Daughter of the Blood
Author: Anne Bishop
Category: Dark Fantasy
Pages: 412

You know a book will be interesting to say the least when it opens to a guy’s balls getting eaten by rats. And, in fact, there is a lot of talk about that general anatomy in this story. They get ringed, they get “shaved,” they get kicked, and just generally conversed about.

It is interesting that a world that seems to be controlled more by women than men is extremely openly sexual. Many of the men of the Blood (those that have magic) are essentially sex slaves while you don’t see any female sex slaves. It’s almost like some form of extreme feminism except the author makes it clear that it is not something that is morally okay for anyone to be slaves.

The magic system was just a generic magic system. There is a hierarchy of colors that is the general basis but I never got a feel for different types of magic, nothing was explained in any sort of depth. I guess I have gotten spoiled by recent authors building their world around a cool magic system and that may be why this bugged me some. Apart from that though, I had so many questions about things that were introduced but never discussed.

For example, a few characters talk about their birthright stones. How does one come by these? Jaenelle’s family doesn’t know anything about hers so its not like it is something that you have at the time of birth. What is the Offering? Why can’t men go into the ring where the Offering is being done? What are the conditions for breaking the inner web?

As to the story, to be honest, it was unclear what was happening for the first half of the book. It was mostly spent setting up the world but there were so many different places, different realms, and a vast number of characters all haphazardly introduced that it was difficult to keep it all straight. The only reason much of it stuck for me through repetition so I finally started to get the hang of it.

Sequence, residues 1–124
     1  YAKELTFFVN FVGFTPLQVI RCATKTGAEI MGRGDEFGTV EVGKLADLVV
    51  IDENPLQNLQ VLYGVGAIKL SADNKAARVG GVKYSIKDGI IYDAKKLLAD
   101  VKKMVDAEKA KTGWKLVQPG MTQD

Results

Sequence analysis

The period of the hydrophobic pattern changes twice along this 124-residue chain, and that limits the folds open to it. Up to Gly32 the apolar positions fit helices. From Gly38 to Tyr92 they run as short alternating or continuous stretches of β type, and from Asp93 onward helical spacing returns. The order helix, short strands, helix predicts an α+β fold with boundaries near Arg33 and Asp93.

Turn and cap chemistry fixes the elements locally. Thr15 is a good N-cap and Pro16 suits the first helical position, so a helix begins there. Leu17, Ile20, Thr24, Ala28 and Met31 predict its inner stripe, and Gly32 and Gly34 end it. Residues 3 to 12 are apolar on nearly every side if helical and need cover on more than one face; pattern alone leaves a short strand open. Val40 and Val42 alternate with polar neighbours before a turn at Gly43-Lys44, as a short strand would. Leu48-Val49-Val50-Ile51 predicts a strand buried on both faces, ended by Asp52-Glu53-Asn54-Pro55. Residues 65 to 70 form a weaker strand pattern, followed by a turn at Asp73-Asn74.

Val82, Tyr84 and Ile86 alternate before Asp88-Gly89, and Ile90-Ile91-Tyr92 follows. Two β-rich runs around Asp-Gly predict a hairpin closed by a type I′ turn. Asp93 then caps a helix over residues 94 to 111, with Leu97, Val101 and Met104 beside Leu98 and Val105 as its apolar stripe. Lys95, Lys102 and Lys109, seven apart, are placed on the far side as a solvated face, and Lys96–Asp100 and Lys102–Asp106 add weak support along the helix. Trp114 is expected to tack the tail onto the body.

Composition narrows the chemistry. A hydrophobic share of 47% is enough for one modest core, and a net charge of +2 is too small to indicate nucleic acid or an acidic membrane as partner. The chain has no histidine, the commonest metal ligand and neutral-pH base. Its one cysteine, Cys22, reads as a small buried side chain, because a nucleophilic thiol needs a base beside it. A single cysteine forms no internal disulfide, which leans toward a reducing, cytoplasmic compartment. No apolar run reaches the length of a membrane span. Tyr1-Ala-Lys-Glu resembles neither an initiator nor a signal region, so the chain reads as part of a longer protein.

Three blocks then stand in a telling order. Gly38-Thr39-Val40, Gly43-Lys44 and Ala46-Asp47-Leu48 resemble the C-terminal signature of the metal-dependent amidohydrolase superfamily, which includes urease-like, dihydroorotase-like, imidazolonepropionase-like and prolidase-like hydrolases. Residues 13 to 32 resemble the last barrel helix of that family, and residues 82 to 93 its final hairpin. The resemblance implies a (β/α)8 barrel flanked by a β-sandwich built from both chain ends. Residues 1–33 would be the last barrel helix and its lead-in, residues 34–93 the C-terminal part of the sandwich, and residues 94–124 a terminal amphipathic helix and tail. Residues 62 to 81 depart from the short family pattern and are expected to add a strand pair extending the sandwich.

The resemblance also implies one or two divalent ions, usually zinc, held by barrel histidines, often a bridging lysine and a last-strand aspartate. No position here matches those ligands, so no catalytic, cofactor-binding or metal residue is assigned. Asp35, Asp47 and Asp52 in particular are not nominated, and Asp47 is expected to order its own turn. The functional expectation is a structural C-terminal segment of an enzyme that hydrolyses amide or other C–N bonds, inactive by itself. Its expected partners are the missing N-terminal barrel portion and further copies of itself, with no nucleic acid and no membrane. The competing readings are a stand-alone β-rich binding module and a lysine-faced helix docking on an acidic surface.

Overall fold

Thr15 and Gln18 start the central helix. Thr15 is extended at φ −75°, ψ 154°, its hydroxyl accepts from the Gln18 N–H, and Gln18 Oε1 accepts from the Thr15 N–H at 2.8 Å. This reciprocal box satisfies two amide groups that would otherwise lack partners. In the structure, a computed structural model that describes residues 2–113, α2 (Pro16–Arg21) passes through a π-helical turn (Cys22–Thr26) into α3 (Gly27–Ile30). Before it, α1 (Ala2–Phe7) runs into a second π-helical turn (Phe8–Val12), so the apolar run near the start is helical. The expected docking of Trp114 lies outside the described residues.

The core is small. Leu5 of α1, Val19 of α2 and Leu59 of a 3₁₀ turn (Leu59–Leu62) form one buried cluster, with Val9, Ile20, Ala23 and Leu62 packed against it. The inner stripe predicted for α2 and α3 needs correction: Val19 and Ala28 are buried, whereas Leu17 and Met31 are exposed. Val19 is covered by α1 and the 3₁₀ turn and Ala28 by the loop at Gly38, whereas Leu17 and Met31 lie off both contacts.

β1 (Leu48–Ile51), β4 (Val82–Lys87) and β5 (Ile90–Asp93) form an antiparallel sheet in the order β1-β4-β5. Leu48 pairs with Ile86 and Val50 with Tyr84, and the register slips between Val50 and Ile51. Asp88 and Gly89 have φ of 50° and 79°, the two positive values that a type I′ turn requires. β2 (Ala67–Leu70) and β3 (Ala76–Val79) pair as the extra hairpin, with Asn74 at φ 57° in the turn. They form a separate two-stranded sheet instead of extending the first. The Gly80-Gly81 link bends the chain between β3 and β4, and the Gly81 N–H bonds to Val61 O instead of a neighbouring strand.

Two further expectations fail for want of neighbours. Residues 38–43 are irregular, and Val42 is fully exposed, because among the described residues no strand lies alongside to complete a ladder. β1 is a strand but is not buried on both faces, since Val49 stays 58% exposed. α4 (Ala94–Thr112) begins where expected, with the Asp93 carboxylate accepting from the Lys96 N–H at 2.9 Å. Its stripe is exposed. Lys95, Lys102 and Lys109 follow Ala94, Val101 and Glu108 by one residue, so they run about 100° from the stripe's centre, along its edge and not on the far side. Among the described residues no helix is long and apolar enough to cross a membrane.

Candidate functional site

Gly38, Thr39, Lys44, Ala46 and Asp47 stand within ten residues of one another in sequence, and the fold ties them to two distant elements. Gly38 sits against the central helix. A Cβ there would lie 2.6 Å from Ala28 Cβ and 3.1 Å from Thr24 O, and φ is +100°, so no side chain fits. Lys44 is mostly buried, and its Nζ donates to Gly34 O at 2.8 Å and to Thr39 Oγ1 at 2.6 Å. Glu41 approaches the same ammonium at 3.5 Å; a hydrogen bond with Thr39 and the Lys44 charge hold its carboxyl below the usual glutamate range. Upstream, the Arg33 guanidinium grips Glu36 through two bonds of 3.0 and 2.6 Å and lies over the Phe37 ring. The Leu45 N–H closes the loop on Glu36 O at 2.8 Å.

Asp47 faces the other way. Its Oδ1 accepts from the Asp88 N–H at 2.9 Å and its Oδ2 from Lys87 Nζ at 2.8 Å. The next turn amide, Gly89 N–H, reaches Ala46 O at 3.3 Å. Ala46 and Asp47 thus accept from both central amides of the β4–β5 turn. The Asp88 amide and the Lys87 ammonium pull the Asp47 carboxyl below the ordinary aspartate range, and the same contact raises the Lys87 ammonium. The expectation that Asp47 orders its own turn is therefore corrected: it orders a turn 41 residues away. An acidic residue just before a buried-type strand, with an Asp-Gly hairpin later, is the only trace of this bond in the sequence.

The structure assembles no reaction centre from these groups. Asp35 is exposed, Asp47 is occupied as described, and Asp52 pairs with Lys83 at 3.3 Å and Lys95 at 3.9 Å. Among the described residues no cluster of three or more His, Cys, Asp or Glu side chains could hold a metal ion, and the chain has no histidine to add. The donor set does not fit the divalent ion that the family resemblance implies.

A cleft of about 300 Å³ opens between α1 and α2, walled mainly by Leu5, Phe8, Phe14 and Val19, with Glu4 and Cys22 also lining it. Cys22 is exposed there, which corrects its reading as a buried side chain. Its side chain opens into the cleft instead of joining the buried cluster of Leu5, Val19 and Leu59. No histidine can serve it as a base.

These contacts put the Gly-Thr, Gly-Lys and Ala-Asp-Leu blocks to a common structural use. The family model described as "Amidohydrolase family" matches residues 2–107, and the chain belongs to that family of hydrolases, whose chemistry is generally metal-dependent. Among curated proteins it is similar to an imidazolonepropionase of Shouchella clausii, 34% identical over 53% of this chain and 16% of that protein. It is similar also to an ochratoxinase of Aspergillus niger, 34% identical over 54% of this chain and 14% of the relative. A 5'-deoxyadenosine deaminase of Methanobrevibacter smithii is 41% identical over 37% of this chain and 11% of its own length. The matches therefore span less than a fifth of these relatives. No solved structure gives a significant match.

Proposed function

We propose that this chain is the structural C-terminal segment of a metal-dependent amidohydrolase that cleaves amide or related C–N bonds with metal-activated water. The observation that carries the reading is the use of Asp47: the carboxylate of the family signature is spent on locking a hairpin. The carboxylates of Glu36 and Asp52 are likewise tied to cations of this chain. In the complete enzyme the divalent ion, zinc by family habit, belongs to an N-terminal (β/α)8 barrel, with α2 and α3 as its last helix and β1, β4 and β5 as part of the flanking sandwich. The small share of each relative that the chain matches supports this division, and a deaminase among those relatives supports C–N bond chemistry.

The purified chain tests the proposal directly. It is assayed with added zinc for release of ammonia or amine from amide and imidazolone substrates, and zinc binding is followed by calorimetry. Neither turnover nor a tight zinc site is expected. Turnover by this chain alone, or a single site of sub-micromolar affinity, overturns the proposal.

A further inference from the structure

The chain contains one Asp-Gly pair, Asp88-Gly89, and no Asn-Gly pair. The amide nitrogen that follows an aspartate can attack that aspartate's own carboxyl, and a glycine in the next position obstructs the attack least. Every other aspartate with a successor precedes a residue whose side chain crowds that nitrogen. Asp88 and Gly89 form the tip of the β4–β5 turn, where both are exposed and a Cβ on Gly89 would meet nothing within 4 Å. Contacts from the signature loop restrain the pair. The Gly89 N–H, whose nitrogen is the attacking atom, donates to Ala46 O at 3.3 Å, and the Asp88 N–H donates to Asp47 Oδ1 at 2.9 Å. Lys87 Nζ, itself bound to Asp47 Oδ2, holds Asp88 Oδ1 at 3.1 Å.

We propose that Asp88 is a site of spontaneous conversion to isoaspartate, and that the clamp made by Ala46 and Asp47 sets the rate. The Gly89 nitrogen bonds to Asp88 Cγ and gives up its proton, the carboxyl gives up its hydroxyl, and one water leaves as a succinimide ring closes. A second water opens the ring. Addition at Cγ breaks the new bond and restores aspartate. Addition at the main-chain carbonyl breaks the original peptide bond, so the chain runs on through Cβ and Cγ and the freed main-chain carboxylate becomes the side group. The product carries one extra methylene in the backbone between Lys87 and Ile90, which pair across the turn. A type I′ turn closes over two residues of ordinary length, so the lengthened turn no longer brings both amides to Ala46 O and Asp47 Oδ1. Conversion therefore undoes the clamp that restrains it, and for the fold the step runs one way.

The story did finally get interesting when Daemon Sadi gets to Chaillot and meets Jaenelle. The focus on groins lightens although we do go deeper into child molestation beyond that point. That said, the character Kartane pissed me off so freakin’ much. Here is a child rapist, has been for a long time, that gets all gag reflex-y at the thought of a guy getting “shaved” (castrated). Like, it’s not enough that you are the scum of the earth, you have to be a hypocrite about it to?!

Oh and Saetan = honorable teddy bear. What. The. Actual. Fuck. I actually had to make an effort to think of him as a totally original character and not, you know, SATAN! He spends the entire book pining about all the metaphorical ponies he can buy for Jaenelle and exactly zero time being evil in any way. He is not charismatic, he is not wily, or any other attributes you would normally attribute to the Lord of Hell.

Dani’s 2¢

The final scene certainly toed the line between pedophilia and a more socially acceptable form of love (he is 1700 years old, she is 12 – they don’t actually get physical but it is kind of a near thing) but I was shipping eventual Daemon/Jaenelle so hard by that point that I did not really mind too much. Daemon’s insta-love for Jaenelle is reminiscent of <i>Twilight</i>’s “imprinting” but, as unconventional as it was, it was really well-written and flowed so naturally that it actually was what drove the book.

The biggest thing against this book is the haphazard worldbuilding. Books driven by romance are hard for me to truly love. And by the end, there is so much that I feel like I don’t understand. Like at one point, Daemon gets super mad at another character, Surreal, for mentioning that he is hot and she’d kinda like to have sex with him. He throws a big baby fit and leaves her tied up to a bed and she proceeds to avoid him for 300 years. Maybe he had more motives for this but I did not catch it after re-reading the scene about 5 times trying to figure it out. I understand that the rest of the series gets a lot better so I am willing to give it a chance, at least.

Greg’s Thoughts

If I can use only one word for this book, it would be confusing. The magic system, with the different colors and levels of power, is interesting, but I would like to understand it better then is explained in this book. There are some adventures that seem to happen and we are told about it later, such as when Jaenelle went off to learn dream weaving and we got to hear it in an explanation. COME ON! I wanna see the awesome adventure , not here someone mention it off hand. The only reason I will be continuing to read this sex driven series is because I have been told that it gets better. Once we read the rest of the series will decide whether this book was worth it to struggle through.

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